The ancient story of the saint begins with the traditional Life formula of the “fasting infant”: “From the first days of his life, the infant’s behavior was not ordinary: When nursing Nicholas sucked milk only from his mother’s right breast, and on Wednesdays and Fridays he ate only once a day, and at that in the evening, just before the ninth hour. This sign foreshowed Nicholas’s whole manner of life. Thus, from his very infancy to his very death the saint spent Wednesday and Friday in strict fasting and temperance.” Usually comments on such fragments talk about the tradition of imitating the ancient ascetics, and this explanation is not without some basis in fact. Byzantine and ancient Russian hagiographers oriented themselves when composing the Life on famous stories of righteous ones on a series of rhetorical devices, which all together formed the canon of saints Lives. In Byzantium the canon of the monastic saint’s Life (biosa) came together by the sixth century, and the graduation exam for many rhetors became the description of a large biography of a saint. Despite the fact that St. Nicholas lived in the fourth century, the first hagiographic compositions dedicated to him appeared several centuries later (not earlier than the seventh century), when the genre of saints’ Lives had been finally formed, so that hagiographers could make full use of the saints’ Lives topoi, taken from more ancient texts.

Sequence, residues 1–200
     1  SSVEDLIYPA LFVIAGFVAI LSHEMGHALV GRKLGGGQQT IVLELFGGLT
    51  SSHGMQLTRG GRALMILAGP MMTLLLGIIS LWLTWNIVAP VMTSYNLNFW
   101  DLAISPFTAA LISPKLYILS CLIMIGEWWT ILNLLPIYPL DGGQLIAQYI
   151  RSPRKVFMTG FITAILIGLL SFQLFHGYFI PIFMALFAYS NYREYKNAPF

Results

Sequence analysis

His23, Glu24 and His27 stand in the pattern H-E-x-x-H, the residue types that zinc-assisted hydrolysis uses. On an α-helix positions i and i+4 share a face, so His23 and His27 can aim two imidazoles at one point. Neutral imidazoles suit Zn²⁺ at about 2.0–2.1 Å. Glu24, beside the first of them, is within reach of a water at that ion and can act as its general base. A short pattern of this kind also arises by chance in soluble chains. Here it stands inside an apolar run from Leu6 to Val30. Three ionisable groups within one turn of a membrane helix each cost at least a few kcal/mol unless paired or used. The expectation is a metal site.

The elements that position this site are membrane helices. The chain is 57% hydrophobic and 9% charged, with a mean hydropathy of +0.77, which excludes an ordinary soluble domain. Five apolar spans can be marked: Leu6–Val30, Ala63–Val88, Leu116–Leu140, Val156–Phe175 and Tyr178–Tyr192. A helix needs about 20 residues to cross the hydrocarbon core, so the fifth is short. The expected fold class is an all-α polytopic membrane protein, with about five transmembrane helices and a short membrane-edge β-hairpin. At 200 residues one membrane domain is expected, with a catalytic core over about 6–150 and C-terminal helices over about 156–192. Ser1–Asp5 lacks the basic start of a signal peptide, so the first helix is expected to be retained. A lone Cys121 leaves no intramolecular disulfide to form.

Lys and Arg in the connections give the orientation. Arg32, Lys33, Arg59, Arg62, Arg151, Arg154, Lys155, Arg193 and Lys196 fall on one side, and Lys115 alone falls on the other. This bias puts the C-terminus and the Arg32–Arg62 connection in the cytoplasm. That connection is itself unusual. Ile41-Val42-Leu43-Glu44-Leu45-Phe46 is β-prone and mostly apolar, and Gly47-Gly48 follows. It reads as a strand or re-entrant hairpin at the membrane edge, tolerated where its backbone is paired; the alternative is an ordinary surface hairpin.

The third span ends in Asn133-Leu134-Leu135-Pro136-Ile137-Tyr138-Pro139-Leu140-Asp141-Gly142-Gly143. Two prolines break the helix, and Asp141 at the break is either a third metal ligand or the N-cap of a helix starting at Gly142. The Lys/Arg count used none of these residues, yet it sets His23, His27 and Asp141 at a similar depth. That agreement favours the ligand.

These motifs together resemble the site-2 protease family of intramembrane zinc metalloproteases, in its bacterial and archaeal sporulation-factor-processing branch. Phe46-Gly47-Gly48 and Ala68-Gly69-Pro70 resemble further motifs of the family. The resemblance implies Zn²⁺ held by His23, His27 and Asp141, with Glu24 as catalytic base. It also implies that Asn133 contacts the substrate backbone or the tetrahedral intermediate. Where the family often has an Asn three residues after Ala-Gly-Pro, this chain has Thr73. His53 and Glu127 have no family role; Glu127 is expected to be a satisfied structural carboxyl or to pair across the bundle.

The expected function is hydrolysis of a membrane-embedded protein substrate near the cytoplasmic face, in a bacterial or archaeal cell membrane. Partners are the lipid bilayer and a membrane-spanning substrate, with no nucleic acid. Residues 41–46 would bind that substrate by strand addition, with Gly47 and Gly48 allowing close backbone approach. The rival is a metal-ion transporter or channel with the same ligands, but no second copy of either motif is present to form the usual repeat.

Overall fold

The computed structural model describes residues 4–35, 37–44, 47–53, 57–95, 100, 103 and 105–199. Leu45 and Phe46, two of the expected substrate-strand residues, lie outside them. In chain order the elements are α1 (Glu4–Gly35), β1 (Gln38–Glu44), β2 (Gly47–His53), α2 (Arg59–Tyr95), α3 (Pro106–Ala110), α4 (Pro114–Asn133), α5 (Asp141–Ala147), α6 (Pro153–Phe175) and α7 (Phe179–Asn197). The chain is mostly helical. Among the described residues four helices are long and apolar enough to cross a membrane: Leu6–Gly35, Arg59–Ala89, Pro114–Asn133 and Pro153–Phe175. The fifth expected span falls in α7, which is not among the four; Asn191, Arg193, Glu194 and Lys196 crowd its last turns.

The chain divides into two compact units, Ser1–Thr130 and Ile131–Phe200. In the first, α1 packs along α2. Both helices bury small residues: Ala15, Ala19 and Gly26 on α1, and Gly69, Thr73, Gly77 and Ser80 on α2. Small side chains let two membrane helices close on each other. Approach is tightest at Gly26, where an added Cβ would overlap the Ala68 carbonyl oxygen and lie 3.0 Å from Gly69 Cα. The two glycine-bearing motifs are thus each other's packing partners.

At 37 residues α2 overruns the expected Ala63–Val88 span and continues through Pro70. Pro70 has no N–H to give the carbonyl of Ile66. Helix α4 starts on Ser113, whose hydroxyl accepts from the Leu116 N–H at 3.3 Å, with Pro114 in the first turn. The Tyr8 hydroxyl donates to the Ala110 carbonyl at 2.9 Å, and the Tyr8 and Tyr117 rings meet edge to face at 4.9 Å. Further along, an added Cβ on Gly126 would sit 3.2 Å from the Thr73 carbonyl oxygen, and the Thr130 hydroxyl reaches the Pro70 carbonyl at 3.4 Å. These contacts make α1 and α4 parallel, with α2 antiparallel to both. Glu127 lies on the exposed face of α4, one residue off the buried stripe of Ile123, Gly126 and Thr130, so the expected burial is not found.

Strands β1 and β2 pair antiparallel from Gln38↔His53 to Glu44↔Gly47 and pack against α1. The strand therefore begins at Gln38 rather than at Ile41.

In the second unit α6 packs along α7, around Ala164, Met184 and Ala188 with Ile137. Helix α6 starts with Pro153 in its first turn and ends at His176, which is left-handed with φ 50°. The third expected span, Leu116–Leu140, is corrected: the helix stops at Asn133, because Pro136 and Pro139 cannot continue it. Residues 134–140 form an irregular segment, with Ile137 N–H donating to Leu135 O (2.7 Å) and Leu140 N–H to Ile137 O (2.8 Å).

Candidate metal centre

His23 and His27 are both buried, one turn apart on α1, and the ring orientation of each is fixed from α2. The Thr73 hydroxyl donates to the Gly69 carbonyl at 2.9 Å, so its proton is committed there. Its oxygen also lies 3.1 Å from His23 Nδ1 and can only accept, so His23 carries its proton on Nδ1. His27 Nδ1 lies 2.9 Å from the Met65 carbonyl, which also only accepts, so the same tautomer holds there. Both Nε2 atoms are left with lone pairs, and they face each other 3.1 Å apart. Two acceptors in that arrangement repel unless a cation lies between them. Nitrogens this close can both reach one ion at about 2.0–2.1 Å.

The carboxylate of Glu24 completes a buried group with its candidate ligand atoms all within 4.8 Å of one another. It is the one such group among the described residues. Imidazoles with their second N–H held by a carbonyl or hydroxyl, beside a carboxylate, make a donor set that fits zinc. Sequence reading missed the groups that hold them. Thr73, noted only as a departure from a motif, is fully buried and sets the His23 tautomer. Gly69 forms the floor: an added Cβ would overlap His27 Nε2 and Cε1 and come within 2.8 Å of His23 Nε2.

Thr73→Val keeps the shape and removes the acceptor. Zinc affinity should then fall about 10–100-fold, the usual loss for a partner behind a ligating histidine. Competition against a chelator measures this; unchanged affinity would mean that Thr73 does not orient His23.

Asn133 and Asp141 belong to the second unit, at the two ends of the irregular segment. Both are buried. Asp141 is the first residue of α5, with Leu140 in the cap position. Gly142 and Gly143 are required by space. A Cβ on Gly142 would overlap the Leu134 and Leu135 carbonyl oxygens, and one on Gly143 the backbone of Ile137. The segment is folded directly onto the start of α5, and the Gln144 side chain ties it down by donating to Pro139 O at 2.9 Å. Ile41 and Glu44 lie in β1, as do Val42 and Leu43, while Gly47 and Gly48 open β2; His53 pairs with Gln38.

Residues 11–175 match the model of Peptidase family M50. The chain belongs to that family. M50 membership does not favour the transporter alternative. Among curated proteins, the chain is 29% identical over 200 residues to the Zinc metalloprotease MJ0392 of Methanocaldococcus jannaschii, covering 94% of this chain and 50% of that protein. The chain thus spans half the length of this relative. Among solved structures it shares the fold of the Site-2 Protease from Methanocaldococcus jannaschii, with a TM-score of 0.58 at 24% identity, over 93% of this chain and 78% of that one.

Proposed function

Nevertheless, in the case of St. Nicholas, the anthropological research of his relics conducted at the opening of his tomb in Bari by Professor Luigi Martino in 1953 – 1957 showed that the saint ate only plant foods.
Along with this, in the corrected Life of the saint we can also find true topoi, which describe the ideal behavior of a child in Byzantium: “Never were there noticed in Nicholas any habits customary to youth. The righteous child was like an elder—all respected him and were amazed at him. When an old man displays youthful diversions, he is a laughing stock to all. But if a youth has the moral behavior of an elder, he inspires respect from all. The lightmindness of youth is inappropriate in old age, but the wisdom of an elder is worthy of honor and excellent in a youth.
The consecration of St. Nicholas